The discovery of four new species has the world buzzing with excitement.
By Brenda Cambero
In times of strife and turmoil, humans have consistently turned to fantastical stories. To escape our painful realities, we conjure images of all-powerful heroes and the impossible creatures that populate their fictional world. Nine-headed dragons and winged horses fluttered around in our collective fantasies. What would the children in us think of a world where those fantasies have come to life, where we can touch each feather and feel their warm breaths on our palms? As we grew up, we banished these fantasies from our minds as childish daydreams, never to be seen again... until now, that is.
The discovery of new species is always a major event in the scientific community, but these new animals have been at the center of an even larger question that has captured field researchers and biologists across the globe. "Each new species we discover shows how remarkably diverse our planet is," says Cy Entzman, head of the Rhea-Serge Institution. "The sheer amount of biomes in our world have allowed for so many different animals to rise and evolve to fit their environments and niches. You could say that every species is strange in its own way, but the ones we have recently discovered have striking similarities to other well-known species of animals that... you wonder if they were chimeras made in a lab."
Field researchers officially announced the discovery of these new species on Wednesday, accompanied by photos. Such photos subsequently went viral, drawing reactions of shock and awe from many corners of the internet. Their discovery sparked debate within and outside the ecologist community, discussing the unknown origins of the animals as well as their ecosystem’s current state. For as excited we are of the prospect of animals like these, both familiar and exotic, what should we make of the reality of such creatures joining our already-fragile ecosystem? Where they wreck havoc on animals ill-equipped to handle their new, sudden enemies?
One of the first of the newly-discovered species, Pteropus articus, originally touched upon those fears. Its range and similar appearance to the snowy owl, an already-endangered species, led scientists to fear that it would eventually compete with the owls. Thankfully, upon further observation, that doesn’t appear to be the case. P. articus can be found in the Artic regions of North America, but it prefers the forests further south than where its snowy owl “cousins” traditionally range. In many ways it takes after the bat, and not only in appearance. A diet of fruit, leaves, and other plant matter is reminiscent of the feeding habits of megabats. Insects also make up a large proportion of what this creature eats, suggesting a greater need for protein. Their bat-like wings allow them the dexterity to navigate the forest with ease as it hunts its prey.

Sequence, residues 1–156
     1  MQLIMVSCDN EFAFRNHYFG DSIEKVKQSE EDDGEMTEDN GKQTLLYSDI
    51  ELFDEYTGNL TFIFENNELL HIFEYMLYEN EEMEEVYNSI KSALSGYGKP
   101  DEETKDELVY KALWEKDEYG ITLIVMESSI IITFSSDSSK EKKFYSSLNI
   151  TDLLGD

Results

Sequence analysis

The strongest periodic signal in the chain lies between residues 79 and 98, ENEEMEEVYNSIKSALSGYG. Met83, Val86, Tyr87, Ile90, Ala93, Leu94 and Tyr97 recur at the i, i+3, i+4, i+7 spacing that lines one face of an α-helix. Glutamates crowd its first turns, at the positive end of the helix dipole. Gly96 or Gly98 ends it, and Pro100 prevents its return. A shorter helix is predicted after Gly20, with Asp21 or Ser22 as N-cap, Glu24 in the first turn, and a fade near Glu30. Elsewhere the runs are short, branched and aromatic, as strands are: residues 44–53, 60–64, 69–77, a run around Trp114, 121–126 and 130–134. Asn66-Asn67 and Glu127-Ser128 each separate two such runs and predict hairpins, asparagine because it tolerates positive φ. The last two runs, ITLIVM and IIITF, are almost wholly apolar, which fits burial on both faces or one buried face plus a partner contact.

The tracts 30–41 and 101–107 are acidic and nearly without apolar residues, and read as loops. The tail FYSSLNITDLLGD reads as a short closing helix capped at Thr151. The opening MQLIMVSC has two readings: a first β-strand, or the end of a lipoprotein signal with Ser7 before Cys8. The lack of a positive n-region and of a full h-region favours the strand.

These new animals have quickly carved a niche in their respective habitats as a predator, preying on already-established species in their ecosystem. The elusive Pterodentia mustela possesses the sharp bite, muscular build, and predator instinct of the common mink it resembles. Its patagium–the skin-like membrane stretching from its forearms to back legs–are reminiscent of a flying squirrel. It glides down from treetops to ambush small prey such as mice and small birds, using size and strength far beyond a flying squirrel's capabilities. Rasselnus canis resembles the wolf in its social structure, traveling and hunting in packs. Its tail feathers are nearly identical to the peacock's with one crucial change: barbs along the shaft that create a "rattling" sound when brushed against another feather. Rattling its tail feathers turns its beautiful mating display into a threatening promise, one that is used to warn away competitors as well as aiding their hunting strategies. Broad, eye-like feathers create the illusion of a large, all-seeing predator, frightening prey animals such as swamp deer and wapiti into running away. This allows R. canis to control its prey's movements and drive it towards the rest of its packmates.
Abaius arca, with its gar-like ruthlessness and ability to constrict prey like a snake, has been a topic of great concern among research and ecologists studying the Amazon rainforest. Since its discovery, it has cemented itself as a powerful predator prowling the Amazon river, aggressively attacking any creature that encroaches its territory. For the creatures of the Amazon, the land animals that attempt to traverse the river and the marine animals forced to share its waters, A. arca represents yet another threat to their existence as human activity continues to threaten their habitats. "Their apparent low numbers [...] are giving us time to assess the threat of A. arca and how we should handle them in the future," says Entzman. "We collected and are in the process of raising some young specimens to understand their growth cycle, and so far they seem to grow slowly. There are no guarantees in nature, but this combined with how infrequently they eat suggest that there is still a chance for us to minimize their impact on already-endangered species such as the Amazon river dolphin."
In spite of how little is known about these "chimeras", the world has already fallen in love with them. And how couldn't they? R. canis, the first of the new species to be discovered, quickly dazzled the world with its striking colors and resemblance to two of the world's most popular and recognizable animals. Exotic enough to attract attention, yet familiar enough for us to imagine them standing before us, to imagine the touch of their fur and their warm breath on our palms...